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Standard 3 Conducting a Safety Assessment and Developing a Safety Plan

Overview

This standard outlines expectations for CASs in conducting an assessment of imminent threats to the safety of children and developing a safety plan to mitigate immediate safety threats during a child protection investigation. A safety assessment is an assessment of the present conditions, the danger resulting from those conditions and the interventions currently needed to protect the child. This standard includes requirements with respect to the following:

Intent

The intent of this standard is to ensure that during a child protection investigation, universal screening for present and imminent threats to the safety of children is undertaken in a timely manner. It is also intended that whenever a safety threat is identified, a safety plan is developed immediately to mitigate it. This standard encourages the involvement and engagement of the child’s immediate and extended family, and community supports in the identification of safety threats and safety planning where appropriate.

Standard #3 Conducting a Safety Assessment and Developing a Safety Plan

Standard
Conducting a Safety Assessment

An assessment of safety threats is conducted for all investigations at the point of the first face-to-face contact within the response time for all referrals assigned for an investigation (on both new and ongoing cases).

For family-based investigations including out-of-home care by relatives, community members, a foster home or a formal customary care home, a safety assessment is conducted in accordance with the safety assessment tool in the Ontario Child Protection Tools Manual. It is conducted in collaboration with the family in order to determine if any of the safety threats described in the safety assessment tool are present in the family.

For institutional investigations, a safety assessment tool is not available for assessments of safety threats. Despite this, every institutional investigation requires an assessment of immediate safety threats, although different factors are considered8 and the outcome is to be recorded as a narrative in the case record.

8 See Appendix A for a list of factors which are considered.

As part of the assessment of safety threats:

*Of note, other children being cared for in the home, who have not been reported to have been abused or neglected and whose immediate safety is not reported to be compromised, can be interviewed or observed at a later time, subsequent to the first face-to-face contact but before the completion of the investigation.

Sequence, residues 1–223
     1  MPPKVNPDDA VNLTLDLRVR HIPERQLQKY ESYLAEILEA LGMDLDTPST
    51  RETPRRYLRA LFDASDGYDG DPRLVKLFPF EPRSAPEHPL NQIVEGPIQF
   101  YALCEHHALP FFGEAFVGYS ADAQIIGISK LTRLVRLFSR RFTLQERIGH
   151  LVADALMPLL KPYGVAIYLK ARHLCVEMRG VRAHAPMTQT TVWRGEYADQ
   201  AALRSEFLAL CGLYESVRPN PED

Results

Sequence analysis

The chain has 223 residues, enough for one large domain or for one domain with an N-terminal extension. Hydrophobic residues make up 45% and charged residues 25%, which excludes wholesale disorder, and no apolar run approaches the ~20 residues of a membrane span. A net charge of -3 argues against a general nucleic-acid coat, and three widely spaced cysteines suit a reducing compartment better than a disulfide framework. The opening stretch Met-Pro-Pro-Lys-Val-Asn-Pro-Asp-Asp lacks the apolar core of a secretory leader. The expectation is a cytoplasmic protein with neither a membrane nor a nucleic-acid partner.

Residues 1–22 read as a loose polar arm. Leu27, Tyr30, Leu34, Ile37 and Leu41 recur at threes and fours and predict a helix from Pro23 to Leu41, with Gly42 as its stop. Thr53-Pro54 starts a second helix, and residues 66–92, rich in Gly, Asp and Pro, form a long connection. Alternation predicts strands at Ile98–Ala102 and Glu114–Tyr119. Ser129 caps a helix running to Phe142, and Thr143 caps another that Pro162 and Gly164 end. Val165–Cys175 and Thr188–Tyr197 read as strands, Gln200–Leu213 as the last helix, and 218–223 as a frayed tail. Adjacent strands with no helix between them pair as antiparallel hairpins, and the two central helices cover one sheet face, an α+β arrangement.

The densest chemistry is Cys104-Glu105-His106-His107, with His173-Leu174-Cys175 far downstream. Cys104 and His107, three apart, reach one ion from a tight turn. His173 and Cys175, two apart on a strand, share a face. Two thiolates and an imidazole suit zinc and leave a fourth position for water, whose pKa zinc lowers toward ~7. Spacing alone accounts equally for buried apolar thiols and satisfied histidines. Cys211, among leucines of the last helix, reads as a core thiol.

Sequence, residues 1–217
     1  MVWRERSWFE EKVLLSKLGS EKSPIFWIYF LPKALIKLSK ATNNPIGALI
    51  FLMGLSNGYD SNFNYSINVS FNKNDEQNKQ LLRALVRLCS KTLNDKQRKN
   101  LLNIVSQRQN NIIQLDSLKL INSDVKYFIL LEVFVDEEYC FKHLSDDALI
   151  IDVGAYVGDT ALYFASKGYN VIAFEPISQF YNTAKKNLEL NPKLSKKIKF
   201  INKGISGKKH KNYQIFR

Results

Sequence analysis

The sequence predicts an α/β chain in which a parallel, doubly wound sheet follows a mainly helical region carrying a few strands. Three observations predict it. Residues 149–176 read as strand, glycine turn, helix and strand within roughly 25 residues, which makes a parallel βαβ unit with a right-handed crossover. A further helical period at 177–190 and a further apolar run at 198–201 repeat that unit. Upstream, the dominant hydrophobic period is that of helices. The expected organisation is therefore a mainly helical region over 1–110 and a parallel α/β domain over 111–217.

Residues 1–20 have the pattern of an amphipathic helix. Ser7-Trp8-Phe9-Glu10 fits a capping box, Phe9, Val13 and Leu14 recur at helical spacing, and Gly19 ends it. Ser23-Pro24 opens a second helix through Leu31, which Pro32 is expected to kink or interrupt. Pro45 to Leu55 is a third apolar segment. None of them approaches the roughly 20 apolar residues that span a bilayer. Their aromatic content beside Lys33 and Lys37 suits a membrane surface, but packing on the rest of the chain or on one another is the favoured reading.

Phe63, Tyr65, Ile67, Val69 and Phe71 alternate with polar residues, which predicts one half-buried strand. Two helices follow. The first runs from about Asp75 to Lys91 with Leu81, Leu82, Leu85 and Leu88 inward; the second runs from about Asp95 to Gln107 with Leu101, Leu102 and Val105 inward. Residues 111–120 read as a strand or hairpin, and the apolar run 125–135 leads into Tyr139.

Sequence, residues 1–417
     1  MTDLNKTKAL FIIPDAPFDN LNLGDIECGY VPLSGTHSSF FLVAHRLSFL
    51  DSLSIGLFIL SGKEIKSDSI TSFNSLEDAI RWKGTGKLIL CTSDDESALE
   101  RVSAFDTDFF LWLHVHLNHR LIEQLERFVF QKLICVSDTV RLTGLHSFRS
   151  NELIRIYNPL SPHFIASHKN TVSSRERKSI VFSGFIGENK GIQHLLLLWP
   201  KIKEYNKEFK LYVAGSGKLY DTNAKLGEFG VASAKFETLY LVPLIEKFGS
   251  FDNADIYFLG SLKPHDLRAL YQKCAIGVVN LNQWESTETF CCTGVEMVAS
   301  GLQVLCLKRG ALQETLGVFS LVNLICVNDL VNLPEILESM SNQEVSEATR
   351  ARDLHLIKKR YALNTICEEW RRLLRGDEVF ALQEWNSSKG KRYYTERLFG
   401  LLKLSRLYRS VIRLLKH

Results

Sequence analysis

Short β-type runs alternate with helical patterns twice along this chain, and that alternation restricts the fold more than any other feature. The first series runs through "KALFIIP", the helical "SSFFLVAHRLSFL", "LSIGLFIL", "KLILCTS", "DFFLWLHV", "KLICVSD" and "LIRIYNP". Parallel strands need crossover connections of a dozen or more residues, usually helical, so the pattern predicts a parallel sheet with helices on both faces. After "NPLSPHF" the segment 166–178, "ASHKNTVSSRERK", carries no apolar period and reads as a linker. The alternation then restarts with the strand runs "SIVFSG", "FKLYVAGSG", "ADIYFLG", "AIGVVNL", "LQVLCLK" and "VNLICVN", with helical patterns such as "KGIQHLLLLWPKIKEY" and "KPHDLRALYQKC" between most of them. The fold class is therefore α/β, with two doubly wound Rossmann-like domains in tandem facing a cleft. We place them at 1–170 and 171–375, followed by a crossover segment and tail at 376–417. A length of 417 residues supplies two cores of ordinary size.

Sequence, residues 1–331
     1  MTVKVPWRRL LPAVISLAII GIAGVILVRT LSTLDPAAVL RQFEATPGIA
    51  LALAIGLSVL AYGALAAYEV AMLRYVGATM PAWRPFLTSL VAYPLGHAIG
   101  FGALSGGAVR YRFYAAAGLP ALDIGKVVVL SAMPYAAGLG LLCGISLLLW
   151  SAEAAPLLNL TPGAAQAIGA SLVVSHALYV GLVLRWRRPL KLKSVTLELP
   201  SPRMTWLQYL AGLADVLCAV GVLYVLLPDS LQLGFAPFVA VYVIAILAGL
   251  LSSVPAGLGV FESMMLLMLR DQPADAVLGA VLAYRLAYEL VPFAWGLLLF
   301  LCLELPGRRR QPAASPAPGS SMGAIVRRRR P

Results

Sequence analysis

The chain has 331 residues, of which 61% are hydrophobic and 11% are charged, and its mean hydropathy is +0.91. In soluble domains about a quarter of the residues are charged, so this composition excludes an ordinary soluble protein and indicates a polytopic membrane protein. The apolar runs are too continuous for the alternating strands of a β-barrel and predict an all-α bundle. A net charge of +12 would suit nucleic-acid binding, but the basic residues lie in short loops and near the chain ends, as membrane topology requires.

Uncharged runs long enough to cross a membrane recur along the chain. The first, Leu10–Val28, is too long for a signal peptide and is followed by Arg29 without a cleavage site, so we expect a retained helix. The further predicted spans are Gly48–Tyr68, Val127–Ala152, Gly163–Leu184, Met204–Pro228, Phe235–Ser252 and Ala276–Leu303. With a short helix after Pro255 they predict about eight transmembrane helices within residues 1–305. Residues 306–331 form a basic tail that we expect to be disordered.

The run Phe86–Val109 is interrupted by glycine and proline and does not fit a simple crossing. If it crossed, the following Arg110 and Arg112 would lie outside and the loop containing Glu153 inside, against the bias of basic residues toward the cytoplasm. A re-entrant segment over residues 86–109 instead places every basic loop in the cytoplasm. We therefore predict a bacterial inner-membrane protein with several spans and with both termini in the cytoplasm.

If the information found in the referral or the safety assessment indicates the possibility of injuries or the need for medical care, a medical examination will be arranged within 24 hours of receipt of the information. The result of the examination is documented in the case record.

When no safety threats are present, the worker reviews the safety assessment with a supervisor on the next working day.

Developing a Safety Plan

Whenever a safety threat is identified it is mandatory to develop a safety plan immediately following the assessment of safety threats. The protection of a child assessed to be unsafe is non-negotiable. The safety plan must secure the safety of the referred child and any other children being cared for in the setting.

Whenever possible and consistent with the child’s safety, the child protection worker actively involves the family and/or extended family members and/or community members and/or the child’s Band or Native community if the child is Indian or Native, in identifying safety threats, developing and implementing a safety plan, and monitoring and assessing its progress.

The adequacy of a safety plan is assessed by a supervisor and approved prior to its implementation.

A safety plan is monitored until:

A new safety assessment must be conducted whenever there is a change in the ability of existing safety interventions to mitigate safety threats.

Documentation

The formal documentation of the safety assessment and plan is to be completed within five (5) days of the first face-to-face contact.

Discontinuing an Investigation without a Safety Assessment or a Risk Assessment

An investigation (initial or subsequent) can be discontinued with supervisory approval without a safety assessment or a risk assessment having been completed if, upon first face-to-face contact, the referral information is found to be clearly wrong.

Closing a Case Immediately Following a Safety Assessment

An initial** family-based investigation can be concluded with supervisory approval immediately following a safety assessment without a risk assessment being conducted if the initial interviews yield information that maltreatment has clearly not occurred and the following criteria are met:

When concluding an investigation with a safety assessment and without a risk assessment, the documentation requirements for concluding an investigation (see standard #5) are followed.